Breed Info

Welcome to the official website of the Bullmastiff Club of Victoria: Australia's first Bullmastiff Club - Pioneers of the breed


In the English estates of the early 1900’s the need of the Gamekeepers to have a strong, powerful & agile dog to deter or catch poachers resulted in the creation of the Gamekeeper’s Night Dog, as the Bullmastiff was first referred to. This Bullmastiff evolved from a mix of 60% Mastiff and 40% Bulldog. They are a silent powerful dog, capable of handling the physical abuse a desperate poacher might inflict with the fear of death or deportation if caught. The temperament of these early dogs was much more aggressive than is necessary or tolerated in today’s society. They are a natural guard dog, that may not seem as active as some of the other guard breeds, but is quite capable of doing the job. They are quick to pick up on who is a welcome visitor & who is not.

The original colour of the Bullmastiff is brindle, but it is now more commonly found in the red & fawn, all with a black mask. They have a short coat that with regular brushing a few times a week will keep the loose hairs away.

The Bullmastiff is a large powerful dog, ranging between 24 and 27 inches and 40 to 60 kg. Loyalty is a basic trait in the Bullmastiff character, they will protect their family at whatever cost to itself. People who are not prepared to take the time to properly control & train a Bullmastiff puppy should not be the owners of an adult Bullmastiff. Due to their intelligence and independence of mind combined with the size & strength to follow through with their desires, basic rules of behaviour need to be set and adhered to with a Bullmastiff. Bullmastiffs may appear stubborn when it comes to training, but it is with consistent firm training that they soon follow the required guidelines you set down.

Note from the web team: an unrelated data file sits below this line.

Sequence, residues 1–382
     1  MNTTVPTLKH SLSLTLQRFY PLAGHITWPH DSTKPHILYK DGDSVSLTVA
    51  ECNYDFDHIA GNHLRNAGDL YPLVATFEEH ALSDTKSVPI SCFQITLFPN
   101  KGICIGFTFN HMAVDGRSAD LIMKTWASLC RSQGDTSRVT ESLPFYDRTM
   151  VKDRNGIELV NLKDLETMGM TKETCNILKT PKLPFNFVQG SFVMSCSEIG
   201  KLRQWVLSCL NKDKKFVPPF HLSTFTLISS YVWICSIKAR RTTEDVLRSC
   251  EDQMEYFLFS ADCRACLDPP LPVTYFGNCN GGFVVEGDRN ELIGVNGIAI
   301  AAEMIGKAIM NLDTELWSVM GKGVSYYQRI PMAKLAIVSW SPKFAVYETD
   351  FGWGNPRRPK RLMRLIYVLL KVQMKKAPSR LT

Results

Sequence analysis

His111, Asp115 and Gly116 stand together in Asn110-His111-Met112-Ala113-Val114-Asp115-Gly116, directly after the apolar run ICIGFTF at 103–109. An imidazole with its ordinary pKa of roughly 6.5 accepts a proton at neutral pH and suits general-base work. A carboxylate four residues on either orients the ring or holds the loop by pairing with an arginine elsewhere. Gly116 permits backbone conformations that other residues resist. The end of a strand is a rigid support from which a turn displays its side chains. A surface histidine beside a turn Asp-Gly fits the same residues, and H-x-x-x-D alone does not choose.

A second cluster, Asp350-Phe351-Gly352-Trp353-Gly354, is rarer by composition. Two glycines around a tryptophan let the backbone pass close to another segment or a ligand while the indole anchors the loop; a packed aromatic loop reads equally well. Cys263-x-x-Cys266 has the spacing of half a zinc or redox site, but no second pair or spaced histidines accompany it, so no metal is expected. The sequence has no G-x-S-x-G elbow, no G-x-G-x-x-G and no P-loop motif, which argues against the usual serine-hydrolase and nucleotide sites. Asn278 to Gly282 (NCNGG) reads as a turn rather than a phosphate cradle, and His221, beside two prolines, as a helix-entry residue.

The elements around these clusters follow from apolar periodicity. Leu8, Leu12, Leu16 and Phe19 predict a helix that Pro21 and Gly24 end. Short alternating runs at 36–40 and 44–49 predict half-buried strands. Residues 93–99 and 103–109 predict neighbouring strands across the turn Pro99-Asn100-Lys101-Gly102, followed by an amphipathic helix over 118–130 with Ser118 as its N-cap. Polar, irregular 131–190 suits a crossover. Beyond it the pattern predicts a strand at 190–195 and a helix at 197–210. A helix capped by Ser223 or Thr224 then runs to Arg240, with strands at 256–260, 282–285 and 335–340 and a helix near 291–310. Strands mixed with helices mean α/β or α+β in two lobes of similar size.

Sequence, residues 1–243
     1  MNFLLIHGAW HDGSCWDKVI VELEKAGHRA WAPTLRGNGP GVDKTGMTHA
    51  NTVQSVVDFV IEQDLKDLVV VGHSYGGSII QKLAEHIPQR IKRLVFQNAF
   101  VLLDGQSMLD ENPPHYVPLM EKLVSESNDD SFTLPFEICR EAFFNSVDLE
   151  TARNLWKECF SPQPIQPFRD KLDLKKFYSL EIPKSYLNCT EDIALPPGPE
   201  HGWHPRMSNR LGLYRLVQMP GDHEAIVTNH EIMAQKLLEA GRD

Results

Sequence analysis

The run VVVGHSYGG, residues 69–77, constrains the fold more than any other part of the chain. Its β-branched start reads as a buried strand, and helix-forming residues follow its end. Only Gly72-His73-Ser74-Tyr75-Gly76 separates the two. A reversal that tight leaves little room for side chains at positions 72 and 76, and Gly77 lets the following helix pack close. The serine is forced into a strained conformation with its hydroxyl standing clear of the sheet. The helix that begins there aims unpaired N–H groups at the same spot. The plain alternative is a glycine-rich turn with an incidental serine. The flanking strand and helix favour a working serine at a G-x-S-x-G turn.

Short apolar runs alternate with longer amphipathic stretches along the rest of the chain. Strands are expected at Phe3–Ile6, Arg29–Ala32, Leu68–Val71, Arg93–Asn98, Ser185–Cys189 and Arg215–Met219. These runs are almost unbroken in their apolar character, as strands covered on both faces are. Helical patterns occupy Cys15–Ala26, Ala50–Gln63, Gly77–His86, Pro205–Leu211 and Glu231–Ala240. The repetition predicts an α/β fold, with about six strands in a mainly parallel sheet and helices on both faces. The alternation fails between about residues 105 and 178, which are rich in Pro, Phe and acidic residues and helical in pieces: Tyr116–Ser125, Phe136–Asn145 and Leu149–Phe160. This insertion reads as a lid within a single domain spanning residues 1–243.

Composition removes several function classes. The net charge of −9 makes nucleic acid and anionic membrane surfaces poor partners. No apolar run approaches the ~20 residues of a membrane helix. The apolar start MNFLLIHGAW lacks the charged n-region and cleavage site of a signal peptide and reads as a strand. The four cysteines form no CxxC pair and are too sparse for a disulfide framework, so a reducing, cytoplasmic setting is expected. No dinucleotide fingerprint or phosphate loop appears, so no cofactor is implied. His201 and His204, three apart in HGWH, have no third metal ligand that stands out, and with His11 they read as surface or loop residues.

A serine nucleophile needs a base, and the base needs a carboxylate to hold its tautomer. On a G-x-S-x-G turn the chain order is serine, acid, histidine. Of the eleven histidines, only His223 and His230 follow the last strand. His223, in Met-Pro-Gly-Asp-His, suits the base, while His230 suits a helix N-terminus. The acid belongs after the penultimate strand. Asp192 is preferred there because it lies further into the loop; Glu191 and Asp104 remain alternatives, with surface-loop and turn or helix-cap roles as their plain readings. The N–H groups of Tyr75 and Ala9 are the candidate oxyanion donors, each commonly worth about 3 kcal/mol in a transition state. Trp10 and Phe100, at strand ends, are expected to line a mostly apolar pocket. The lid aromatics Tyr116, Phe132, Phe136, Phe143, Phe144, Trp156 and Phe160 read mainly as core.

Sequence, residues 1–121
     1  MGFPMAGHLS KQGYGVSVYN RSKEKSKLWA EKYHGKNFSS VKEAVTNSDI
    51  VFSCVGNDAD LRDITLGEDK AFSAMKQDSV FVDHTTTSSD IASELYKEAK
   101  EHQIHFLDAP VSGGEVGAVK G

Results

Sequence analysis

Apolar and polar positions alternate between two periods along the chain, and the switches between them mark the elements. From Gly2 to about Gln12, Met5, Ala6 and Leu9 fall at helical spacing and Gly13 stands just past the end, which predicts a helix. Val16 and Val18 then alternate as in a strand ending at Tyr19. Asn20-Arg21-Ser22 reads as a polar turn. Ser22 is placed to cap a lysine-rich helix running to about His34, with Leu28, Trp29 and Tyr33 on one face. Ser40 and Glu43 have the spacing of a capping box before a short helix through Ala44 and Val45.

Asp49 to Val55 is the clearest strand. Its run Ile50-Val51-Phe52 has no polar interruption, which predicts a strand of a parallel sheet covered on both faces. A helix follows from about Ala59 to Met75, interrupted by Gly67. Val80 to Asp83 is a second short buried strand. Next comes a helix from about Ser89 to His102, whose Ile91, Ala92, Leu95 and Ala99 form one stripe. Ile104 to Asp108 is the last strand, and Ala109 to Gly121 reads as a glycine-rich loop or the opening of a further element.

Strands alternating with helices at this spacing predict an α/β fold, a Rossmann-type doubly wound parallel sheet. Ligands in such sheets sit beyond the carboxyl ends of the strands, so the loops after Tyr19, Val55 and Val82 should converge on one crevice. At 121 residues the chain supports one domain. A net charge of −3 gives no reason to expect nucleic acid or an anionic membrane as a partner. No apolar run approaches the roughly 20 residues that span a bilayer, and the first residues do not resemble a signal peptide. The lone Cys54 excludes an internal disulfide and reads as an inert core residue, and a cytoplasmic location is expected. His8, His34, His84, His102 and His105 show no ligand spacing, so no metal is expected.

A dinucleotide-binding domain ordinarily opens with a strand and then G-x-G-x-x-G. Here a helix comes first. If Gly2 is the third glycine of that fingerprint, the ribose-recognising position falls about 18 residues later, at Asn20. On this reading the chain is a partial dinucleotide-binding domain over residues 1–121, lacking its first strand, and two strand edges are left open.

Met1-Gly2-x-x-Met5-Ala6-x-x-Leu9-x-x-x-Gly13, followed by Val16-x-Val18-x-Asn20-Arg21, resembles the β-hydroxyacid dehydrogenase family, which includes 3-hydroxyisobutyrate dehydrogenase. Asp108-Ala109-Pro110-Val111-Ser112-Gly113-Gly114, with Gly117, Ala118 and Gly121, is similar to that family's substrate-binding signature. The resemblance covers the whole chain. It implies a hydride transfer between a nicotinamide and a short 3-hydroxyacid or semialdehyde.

Due to the large size that these dogs mature to, the bones in the first year take time to develop and any exercise other than what a back yard may provide is unnecessary & can be damaging to the forming bones. Having a second dog of any breed will require the need for a kennel run for the puppy to have time to himself.

The Bullmastiff like many of today’s breed of dogs does suffer from Hip Dysplasia. This is a condition that affects the hip joints, it can be inherited or environmentally induced. Responsible breeders have their breeding stock’s hips x-rayed and scored as a starting point to strive towards reducing the incidents of H.D.

Like all dogs, the Bullmastiff should be Supervised when children are around and they should not be taken anywhere off lead.

(c) BMCVIC 2014

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